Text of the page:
loria samson getty

Jeffrey Loria, David Samson no longer talking to the media

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According to columnist Barry Jackson of the Miami Herald, the Marlins’ higher-ups have intentionally gone into hiding since executing the organization’s latest major firesale:

Besides forbidding president David Samson from doing his radio show, Marlins owner Jeffrey Loria also told Samson that he can no longer do interviews. That’s short-sighted, because Samson made himself more accountable and accessible than many team presidents, even amid unpopular decisions made solely by Loria. Loria, by the way, has refused to speak to the media since mid-November.

Samson has traditionally made weekly appearances on 790 The Ticket’s “Dan Le Batard Show” in Miami, discussing club matters and taking questions from callers. But that apparently won’t be happening in the future.

Must be nice to get hundreds of millions of dollars from taxpayers and then never have to answer to ’em.

White Sox players reportedly did not pay clubhouse dues at Safeco Field to protest

SEATTLE, WA - AUGUST 21:  Starting pitcher Chris Sale #49 of the Chicago White Sox pitches against the Seattle Mariners in the seventh inning at Safeco Field on August 21, 2015 in Seattle, Washington.  (Photo by Otto Greule Jr/Getty Images)
Otto Greule Jr/Getty Images
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Chris Sale was recently suspended five games by the White Sox over a heated confrontation with front office staff over an issue concerning throwback uniforms the team was to wear against the Tigers. Sale was scratched from his scheduled start, forcing Matt Albers to make a spot start.

Ken Rosenthal reports that the White Sox players also collectively protested over another issue. The club was in Seattle for a three-game series at Safeco Field from July 18-20 last week. The Mariners have a new clubhouse policy that, as Rosenthal describes, redirects 60 percent of the dues into an account managed by the team. White Sox players did not agree with the policy because “Mariners management unilaterally entered a financial relationship that historically has existed between only players and ‘clubbies,'” Rosenthal explains.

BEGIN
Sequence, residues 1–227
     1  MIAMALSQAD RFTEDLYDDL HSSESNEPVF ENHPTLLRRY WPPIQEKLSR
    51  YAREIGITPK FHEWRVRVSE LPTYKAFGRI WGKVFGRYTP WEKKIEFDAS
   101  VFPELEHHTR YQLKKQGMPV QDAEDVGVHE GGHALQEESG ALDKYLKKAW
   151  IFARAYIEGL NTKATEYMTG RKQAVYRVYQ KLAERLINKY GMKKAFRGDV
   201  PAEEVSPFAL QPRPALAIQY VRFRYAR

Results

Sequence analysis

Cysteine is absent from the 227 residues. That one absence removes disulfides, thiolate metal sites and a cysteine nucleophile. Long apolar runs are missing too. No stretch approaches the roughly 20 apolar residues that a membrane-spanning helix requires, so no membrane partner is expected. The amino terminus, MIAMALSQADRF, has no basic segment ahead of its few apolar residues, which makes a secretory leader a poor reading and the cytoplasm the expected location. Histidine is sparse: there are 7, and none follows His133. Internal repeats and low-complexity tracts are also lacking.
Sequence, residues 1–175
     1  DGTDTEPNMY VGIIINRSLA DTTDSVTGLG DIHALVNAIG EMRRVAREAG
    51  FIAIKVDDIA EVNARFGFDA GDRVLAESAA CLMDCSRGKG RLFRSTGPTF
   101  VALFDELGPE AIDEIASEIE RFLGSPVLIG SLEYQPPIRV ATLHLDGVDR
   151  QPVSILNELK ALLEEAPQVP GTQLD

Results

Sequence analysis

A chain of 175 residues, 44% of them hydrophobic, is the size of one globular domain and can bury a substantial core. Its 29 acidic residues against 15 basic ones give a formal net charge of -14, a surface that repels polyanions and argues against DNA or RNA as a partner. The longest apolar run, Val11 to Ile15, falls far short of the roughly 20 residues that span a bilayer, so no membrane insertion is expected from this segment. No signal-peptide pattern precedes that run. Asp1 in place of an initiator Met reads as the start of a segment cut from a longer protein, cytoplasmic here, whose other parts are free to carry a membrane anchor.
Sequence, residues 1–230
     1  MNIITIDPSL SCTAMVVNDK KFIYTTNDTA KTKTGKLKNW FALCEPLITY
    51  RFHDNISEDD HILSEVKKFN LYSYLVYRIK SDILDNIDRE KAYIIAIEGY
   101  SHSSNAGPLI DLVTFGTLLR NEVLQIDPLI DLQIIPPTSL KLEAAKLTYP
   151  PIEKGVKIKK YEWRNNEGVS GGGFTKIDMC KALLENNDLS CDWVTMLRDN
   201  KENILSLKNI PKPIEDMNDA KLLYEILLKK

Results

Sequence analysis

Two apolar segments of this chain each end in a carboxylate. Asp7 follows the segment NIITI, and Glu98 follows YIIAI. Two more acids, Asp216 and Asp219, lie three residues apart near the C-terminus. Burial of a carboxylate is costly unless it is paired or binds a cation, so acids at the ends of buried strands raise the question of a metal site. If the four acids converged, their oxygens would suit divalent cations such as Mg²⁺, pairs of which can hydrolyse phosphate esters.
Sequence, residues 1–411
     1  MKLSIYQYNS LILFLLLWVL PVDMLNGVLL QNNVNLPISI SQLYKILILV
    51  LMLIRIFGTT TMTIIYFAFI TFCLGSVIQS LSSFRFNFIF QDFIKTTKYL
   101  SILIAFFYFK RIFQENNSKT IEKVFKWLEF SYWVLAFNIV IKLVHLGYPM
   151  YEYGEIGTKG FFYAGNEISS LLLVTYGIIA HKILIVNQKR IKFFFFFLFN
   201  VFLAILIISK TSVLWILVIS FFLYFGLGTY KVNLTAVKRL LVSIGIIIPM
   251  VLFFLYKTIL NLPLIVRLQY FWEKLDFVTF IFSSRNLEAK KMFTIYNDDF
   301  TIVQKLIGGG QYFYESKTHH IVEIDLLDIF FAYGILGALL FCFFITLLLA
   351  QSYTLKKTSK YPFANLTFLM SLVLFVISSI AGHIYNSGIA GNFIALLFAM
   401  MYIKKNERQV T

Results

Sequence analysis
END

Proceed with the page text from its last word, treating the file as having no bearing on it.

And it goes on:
Clubhouse attendants handle a lot of the players’ needs, typically doing a litany of chores throughout the day. They don’t get paid handsomely for their labor, so players often tip the clubhouse attendants for their hard work. The White Sox were protesting that the money was being redirected from the hardworking clubbies to the front office.

Mariners GM Jerry DiPoto confirmed that the White Sox were the first team to refuse payment to the visiting clubhouse manager Jeff Bopp. DiPoto also noted that other teams have reacted with “curiosity” and that the Giants backtracked after adjusting its clubhouse procedures last year following complaints from visiting players.

This is the third controversy in which the White Sox have been involved. Before the start of the regular season, some members of the club were upset that Adam LaRoche — now retired — often brought his son Drake into the clubhouse. Then there’s the Sale incident, and now this. Needless to say, it’s been an interesting year for the White Sox.

Report: Rangers interested in Royals’ Edinson Volquez

ST. LOUIS, MO - JUNE 29: Starter Edinson Volquez #36 of the Kansas City Royals pitches against the St. Louis Cardinals in the first inning at Busch Stadium on June 29, 2016 in St. Louis, Missouri.  (Photo by Dilip Vishwanat/Getty Images)
Dilip Vishwanat/Getty Images
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Evan Grant of the Dallas Morning News reports that the entire Rangers “inner circle of front office personnel” was on hand to watch Edinson Volquez start for the Royals against the Rangers on Sunday. Volquez went six innings, giving up a lone run on seven hits and three walks with three strikeouts.

Volquez, 33, is earning $9.5 million this season and can become a free agent after the season if his team chooses to buy him out for $3 million instead of picking up their end of his $10 million mutual option for 2017. GM Jon Daniels said he was hoping the club would be able to avoid considering rentals, but as the club has dealt with injuries, the strength of the starting rotation has become a concern. Colby Lewis and Derek Holland are both on the disabled list. Yu Darvish has made only five starts since making his season debut in late May. Meanwhile, Kyle Lohse — who has given up 13 runs in two starts — has occupied the back of the rotation. A reliable starter would go along way towards helping the 57-42 Rangers fight to keep first place in the AL West.

Jon Morosi of FOX Sports also reports that the Rangers have shown interest in young Phillies right-hander Vince Velasquez, but they would pay a much higher price for him than for Volquez. Velasquez has a 3.34 ERA with a 103/34 K/BB ratio in 91 2/3 innings for the Phillies this season.